Bill to cut student wages advances, will be expanded to all youth

By: - March 28, 2019 11:38 pm

A Senate panel on Thursday approved a proposal to allow Arizona employers to pay less than the state’s minimum wage to students who work part-time.

But a Republican lawmaker said a new language will be added to House Bill 2523 to expand its scope. The proposal is unconstitutional because it is in clear conflict with Arizona’s minimum wage statute, which voters approved overwhelmingly in 2016, according to a memo written by a nonpartisan legislative attorney.


Bill sponsor Rep. Travis Grantham, R-Gilbert, said the bill is intended to address youth unemployment. To do that, HB2523 would allow businesses to pay $7.25 (the federal hourly minimum wage) — which is 34 percent lower than Arizona’s $11 hourly rate — to their employees if they

  • are full-time students
  • work 20 hours a week or less, or for intermittent periods
  • are 22 years or younger

The bill was approved by the Senate Commerce Committee on a 4-3 party-line vote, with Republicans in favor and Democrats in opposition. One member, Sen. David Livingston, R-Peoria, was absent from the panel.   

Two weeks ago, Grantham’s proposal was held in that committee because Sen. Tyler Pace, R-Mesa, had concerns with it.

Pace said Thursday he disagrees with the bill because it’s tied to education, and he worried students will chose to drop out of school to earn higher wages.

So, he and Grantham came up with a solution, Pace said. When the full Senate considers the measure, Pace said an amendment will be introduced to remove the educational requirement. That means all Arizonans 22 years old and younger who work part-time could see their wages cut by nearly $4 an hour.

The bill’s constitutionality will be reviewed by the Senate Rules Committee before it moves on to the Senate floor for debate and a possible vote.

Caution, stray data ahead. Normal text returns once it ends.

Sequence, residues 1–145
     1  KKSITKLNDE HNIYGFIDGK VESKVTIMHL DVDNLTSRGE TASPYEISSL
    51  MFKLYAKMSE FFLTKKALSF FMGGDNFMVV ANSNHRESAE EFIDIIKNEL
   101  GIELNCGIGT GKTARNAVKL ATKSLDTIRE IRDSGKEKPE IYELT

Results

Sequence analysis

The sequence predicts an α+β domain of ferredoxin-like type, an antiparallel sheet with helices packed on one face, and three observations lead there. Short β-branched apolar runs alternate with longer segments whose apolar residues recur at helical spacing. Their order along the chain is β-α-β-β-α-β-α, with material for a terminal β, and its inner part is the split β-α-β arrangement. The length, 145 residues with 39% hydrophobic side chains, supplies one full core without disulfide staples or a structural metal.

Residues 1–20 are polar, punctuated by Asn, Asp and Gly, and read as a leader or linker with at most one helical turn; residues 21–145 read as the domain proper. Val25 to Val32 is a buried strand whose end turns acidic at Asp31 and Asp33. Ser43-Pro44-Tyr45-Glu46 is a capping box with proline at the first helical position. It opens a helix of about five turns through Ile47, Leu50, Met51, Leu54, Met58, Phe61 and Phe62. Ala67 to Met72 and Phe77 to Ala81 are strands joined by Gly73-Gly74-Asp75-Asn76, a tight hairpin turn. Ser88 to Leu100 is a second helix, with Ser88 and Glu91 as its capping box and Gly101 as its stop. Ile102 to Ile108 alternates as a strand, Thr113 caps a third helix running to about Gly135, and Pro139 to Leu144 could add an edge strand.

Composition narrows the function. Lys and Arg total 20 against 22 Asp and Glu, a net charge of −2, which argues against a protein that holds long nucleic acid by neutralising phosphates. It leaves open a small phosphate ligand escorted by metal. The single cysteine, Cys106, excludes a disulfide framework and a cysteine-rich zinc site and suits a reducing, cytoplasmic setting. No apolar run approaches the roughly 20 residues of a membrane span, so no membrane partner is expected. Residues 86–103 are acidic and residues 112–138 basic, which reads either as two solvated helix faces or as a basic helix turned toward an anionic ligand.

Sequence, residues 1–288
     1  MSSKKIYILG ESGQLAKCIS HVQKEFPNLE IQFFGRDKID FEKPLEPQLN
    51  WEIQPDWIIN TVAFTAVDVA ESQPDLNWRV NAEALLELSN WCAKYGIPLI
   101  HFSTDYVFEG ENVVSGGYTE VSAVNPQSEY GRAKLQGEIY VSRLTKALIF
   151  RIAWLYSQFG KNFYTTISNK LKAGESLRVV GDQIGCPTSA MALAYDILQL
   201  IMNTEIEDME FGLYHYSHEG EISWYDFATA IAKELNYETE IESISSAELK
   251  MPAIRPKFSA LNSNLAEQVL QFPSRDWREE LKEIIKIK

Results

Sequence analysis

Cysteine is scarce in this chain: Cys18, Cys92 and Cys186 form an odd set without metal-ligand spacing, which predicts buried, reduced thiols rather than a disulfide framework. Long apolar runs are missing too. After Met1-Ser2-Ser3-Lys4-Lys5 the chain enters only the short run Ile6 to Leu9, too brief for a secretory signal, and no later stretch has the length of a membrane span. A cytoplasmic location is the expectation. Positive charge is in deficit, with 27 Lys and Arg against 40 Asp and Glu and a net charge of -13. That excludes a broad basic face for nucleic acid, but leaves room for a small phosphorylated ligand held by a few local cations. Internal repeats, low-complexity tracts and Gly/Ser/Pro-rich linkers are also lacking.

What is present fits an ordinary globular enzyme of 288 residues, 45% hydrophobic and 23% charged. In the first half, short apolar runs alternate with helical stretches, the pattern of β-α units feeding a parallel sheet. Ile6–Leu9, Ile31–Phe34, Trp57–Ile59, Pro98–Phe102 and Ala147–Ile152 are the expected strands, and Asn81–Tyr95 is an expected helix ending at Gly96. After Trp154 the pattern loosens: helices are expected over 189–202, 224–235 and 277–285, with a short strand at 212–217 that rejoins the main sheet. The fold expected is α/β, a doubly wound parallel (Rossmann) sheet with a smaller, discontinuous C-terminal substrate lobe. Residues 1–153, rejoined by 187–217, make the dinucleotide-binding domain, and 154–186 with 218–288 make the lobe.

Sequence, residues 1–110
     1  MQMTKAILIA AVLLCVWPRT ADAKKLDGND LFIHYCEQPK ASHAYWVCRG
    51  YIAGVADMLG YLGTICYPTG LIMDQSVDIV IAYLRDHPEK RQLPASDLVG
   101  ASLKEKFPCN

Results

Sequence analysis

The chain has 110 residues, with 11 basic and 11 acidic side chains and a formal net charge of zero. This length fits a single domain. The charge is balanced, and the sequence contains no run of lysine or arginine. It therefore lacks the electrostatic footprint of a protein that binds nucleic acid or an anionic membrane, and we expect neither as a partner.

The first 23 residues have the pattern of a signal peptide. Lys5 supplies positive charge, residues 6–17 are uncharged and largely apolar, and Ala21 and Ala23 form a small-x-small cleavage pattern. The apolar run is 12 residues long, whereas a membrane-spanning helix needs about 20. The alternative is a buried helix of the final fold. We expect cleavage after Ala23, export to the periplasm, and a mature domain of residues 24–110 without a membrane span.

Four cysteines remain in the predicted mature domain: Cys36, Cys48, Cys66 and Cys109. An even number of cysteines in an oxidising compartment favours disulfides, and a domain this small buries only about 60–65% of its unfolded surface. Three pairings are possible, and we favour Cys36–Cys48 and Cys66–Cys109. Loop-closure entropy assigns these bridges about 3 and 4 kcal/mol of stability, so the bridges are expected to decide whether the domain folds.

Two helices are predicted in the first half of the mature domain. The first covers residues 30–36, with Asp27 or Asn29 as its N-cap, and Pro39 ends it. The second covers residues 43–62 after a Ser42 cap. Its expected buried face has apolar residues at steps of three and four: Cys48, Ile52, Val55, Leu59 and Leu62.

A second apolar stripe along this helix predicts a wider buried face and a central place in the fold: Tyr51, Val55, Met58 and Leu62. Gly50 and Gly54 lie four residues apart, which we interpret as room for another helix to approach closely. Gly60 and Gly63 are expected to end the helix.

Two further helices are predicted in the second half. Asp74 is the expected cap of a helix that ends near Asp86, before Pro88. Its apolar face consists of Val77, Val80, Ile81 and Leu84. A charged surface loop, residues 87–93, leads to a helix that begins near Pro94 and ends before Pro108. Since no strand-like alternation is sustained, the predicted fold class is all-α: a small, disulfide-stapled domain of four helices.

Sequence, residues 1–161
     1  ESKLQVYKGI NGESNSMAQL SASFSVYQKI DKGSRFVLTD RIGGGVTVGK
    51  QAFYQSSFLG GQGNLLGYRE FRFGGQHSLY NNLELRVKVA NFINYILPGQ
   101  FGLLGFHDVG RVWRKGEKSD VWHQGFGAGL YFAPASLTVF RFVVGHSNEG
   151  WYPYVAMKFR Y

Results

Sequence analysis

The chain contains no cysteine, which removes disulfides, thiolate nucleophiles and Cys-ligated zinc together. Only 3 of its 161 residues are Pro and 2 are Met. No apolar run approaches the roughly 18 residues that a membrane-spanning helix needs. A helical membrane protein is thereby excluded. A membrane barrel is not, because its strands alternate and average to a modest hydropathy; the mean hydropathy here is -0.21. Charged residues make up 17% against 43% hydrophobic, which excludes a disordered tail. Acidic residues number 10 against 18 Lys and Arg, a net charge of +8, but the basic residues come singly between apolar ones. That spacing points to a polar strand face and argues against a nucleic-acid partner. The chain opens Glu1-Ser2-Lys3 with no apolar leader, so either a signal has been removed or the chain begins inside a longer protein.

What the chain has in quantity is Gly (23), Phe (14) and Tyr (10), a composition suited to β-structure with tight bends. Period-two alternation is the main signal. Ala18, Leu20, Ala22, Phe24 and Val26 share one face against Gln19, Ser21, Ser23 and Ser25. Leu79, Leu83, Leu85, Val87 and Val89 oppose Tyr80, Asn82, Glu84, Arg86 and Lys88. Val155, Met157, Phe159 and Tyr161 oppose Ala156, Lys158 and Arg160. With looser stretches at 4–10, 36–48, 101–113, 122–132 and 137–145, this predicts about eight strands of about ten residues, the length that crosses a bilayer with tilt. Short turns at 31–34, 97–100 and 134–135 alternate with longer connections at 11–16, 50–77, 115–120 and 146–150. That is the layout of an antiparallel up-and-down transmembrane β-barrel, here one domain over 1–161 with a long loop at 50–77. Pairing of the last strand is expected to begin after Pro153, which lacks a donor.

HB2523 passed in the House on a party-line vote in February after passionate debate from lawmakers. The chamber didn’t heed a House lawyer’s recommendation that the measure is unconstitutional and needs an amendment requiring three-fourths vote in each chamber.

The Republican lawmakers in the Senate committee on Thursday agreed with Grantham that his proposal will incentivize businesses to hire young people.

“I can tell you I’m voting for this bill because I want younger people to have more opportunities,” said Sen. J.D. Mesnard, R-Chandler.

Democratic lawmakers, meanwhile, focused on how the bill would harm the economic prosperity of many communities, instead of advancing it. They said if the problem is youth unemployment, there are other ways to tackle the issue than reducing youth wages.

Sen. Sean Bowie, D-Tempe, said he thinks the bill is discriminatory. He added it would burden a population who is already facing higher costs of education and housing.

“Because we are just isolating that group, it’s going to be tougher for them to put food on their table, to go to school, to have a job, to be self-sufficient when they’re 23 and they’re not eligible for this,” Bowie said.

Pace said lawmakers need to act to bring young people into the workforce, and shared his views on minimum wage laws.

“To be clear, I don’t support the concept of minimum wage in general,” Pace said. “As an employer of many people in multiple different locations, I’m always trying to employ people based on what they’re worth.”

Irma Maldonado told lawmakers she’s a student at Grand Canyon University and works part-time. The 20-year-old said she works not to pad her résumé, but to supplement her family’s income.

“Today, I’m here to represent all the young students who just don’t work for experience or for fun, but because our livelihood depends on it,” Maldonado said.

Sen. Tony Navarrete, D-Phoenix, said his West Phoenix district has families with young workers who use their wages to cover the basic needs in their households.

Navarrete said young workers are assets, not liabilities. He echoed a perspective shared by some community groups on social media under the banner of #SameWorkSamePay.

“Putting this restriction on our young people, besides the fact it is unconstitutional, besides the fact I believe it’s discriminatory… we are telling folks that it’s OK to make less money for performing the same job,” Navarrete said.